Education International - April 5, 2013: EI’s national affiliates, the American Federation of Teachers (AFT) and the National Education Association (NEA), have strongly rejected the conclusions of a report released by the National Rifle Association (NRA) task force. The report calls for armed police officers, security guards or staff members in every American school, and urges states to loosen gun restrictions to allow trained teachers and administrators to carry weapons.
Among the recommendations in the 225-page study unveiled on 2 April are also better co-ordination with law enforcement agencies and online security assessments for schools.
One of the study’s central conclusions is that “the presence of armed security personnel adds a layer of security and diminishes response time” in a shooting.
AFT: NRA proposal, a cruel hoax
“Today's NRA proposal is a cruel hoax that will fail to keep our children and schools safe,” AFT President Randi Weingarten denounced.
The proposals are “designed to assist gun manufacturers” to sell more weapons and ammunition to Americans, she added.
NEA: educators support stronger laws to prevent gun violence
“The senseless tragedy in Newtown was a tipping point and galvanisation for action,” said NEA President Dennis Van Roekel. “As educators, we have grieved too long and too often - for the children killed, their families and heroic educators. Now more than ever we need to do what is necessary, including enacting stronger laws to prevent gun violence, to make sure every child in our nation’s public schools has a safe and secure learning environment.”
NEA also polled 800 of its members nationwide during the period of 9-10 January. Results of this poll show that 90 per cent of educators support stronger gun laws to prevent gun violence and keep children safe. Educators resoundingly reject the notion of arming school employees.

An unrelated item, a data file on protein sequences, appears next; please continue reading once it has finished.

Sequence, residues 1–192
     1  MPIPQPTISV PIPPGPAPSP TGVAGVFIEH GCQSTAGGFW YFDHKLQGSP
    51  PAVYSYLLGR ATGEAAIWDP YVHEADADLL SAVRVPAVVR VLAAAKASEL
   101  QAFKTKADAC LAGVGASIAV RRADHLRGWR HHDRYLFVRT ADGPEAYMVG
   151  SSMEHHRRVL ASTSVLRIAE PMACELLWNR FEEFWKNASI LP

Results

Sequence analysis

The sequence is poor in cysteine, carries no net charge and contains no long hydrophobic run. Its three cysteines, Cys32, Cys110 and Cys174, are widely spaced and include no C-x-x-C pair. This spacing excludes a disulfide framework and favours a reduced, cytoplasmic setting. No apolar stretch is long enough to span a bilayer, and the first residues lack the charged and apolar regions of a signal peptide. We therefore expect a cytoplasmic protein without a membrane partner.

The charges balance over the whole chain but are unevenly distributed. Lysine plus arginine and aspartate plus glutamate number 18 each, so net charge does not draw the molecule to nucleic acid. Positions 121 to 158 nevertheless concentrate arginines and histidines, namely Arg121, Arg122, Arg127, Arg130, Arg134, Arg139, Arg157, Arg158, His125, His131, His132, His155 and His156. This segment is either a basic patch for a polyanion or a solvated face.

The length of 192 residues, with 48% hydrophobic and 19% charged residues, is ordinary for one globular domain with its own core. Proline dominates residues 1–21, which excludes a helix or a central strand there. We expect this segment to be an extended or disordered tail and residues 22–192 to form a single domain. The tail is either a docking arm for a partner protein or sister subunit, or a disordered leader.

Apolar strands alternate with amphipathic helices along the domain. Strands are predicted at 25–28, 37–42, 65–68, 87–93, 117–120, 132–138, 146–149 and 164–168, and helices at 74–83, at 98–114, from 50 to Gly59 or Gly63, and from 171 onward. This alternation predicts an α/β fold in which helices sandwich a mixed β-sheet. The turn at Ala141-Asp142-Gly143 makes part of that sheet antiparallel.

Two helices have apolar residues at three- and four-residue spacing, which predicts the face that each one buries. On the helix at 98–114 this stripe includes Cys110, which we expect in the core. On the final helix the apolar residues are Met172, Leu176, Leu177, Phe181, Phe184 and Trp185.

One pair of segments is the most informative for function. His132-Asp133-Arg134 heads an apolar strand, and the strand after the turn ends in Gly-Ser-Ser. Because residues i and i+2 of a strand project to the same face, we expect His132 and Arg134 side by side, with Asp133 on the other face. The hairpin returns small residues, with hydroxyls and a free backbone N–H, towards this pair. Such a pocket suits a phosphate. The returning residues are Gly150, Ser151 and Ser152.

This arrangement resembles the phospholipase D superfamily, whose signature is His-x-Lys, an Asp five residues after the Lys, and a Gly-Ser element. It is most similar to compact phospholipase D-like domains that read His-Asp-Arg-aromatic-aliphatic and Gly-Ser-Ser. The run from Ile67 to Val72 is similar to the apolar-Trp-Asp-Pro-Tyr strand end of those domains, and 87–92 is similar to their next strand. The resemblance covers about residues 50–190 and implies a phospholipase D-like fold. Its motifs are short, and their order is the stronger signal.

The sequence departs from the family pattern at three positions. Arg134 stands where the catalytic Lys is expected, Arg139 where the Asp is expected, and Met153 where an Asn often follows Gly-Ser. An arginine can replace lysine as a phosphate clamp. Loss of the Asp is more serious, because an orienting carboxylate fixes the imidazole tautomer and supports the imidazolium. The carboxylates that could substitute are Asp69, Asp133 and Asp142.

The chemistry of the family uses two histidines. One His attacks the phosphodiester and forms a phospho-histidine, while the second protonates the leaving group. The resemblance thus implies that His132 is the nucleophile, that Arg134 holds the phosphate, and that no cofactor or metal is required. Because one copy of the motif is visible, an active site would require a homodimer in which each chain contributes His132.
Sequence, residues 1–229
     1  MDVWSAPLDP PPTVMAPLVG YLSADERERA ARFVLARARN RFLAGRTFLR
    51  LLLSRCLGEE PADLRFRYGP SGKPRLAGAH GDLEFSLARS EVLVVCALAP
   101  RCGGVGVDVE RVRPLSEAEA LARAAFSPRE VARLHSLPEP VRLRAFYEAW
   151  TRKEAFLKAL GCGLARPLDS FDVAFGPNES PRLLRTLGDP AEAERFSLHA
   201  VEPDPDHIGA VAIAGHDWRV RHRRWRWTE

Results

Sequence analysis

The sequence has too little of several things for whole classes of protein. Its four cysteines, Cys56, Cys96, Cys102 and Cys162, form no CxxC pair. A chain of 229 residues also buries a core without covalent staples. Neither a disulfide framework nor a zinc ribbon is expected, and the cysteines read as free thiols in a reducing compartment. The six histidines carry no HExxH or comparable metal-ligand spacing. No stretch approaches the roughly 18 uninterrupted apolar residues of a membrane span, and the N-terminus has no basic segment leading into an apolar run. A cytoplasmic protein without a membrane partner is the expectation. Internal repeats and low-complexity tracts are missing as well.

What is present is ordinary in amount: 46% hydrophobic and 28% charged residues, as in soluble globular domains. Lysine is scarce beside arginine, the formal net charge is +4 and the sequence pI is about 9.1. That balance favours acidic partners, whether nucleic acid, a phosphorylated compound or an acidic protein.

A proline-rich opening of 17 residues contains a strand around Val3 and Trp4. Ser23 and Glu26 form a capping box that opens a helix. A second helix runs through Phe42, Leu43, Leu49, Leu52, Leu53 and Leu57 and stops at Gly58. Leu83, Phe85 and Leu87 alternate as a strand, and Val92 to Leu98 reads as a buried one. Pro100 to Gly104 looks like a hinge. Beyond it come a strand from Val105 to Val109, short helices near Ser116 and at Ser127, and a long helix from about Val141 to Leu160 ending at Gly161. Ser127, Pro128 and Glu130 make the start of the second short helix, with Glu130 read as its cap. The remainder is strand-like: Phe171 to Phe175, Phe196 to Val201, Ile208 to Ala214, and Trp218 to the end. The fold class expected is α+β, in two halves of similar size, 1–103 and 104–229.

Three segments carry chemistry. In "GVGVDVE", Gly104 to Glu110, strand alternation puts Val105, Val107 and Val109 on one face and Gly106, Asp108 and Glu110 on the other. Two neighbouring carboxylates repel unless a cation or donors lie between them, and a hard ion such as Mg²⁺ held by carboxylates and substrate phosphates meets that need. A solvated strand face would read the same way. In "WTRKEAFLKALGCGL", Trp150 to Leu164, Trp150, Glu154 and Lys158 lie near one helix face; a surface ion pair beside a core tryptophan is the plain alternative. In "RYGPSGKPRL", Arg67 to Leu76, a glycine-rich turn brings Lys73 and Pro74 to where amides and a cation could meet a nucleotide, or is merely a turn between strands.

Sixty-six per cent of NEA members support a proposal to ban the sale and possession of military-style semi-automatic assault weapons to everyone except the police and military.
“Schools should be safe places of learning and sanctuary, where children are encouraged to grow and develop to their full potential, not places of mindless violence in which their young lives are cut short,” said EI General secretary Fred van Leeuwen.
He also stressed that in the past five years, the education community has been confronted too often, and in too many countries, with senseless acts of violence against students, educators and school employees. Although it may not be possible to prevent every act of violence, public authorities of all nations should at least take measures to limit and regulate the access which citizens have to weapons generally and, in particular, enforce effective gun control.
The NRA study comes amid a national debate on gun control after 26 people, including 20 children, were killed in a primary school shooting in Connecticut last December.
Since this massacre, the states of Colorado and New York have adopted strict gun control measures, while Connecticut should soon do the same. Federal gun control legislation, meanwhile, has stalled in Congress due to a strong opposition from the NRA and its allies in the US Senate.
President Barack Obama has also expressed his will to continue his push for new gun control measures, including an assault weapons ban, background checks on all prospective gun purchasers, and a ban on high-capacity ammunition magazines.Originally published at Education International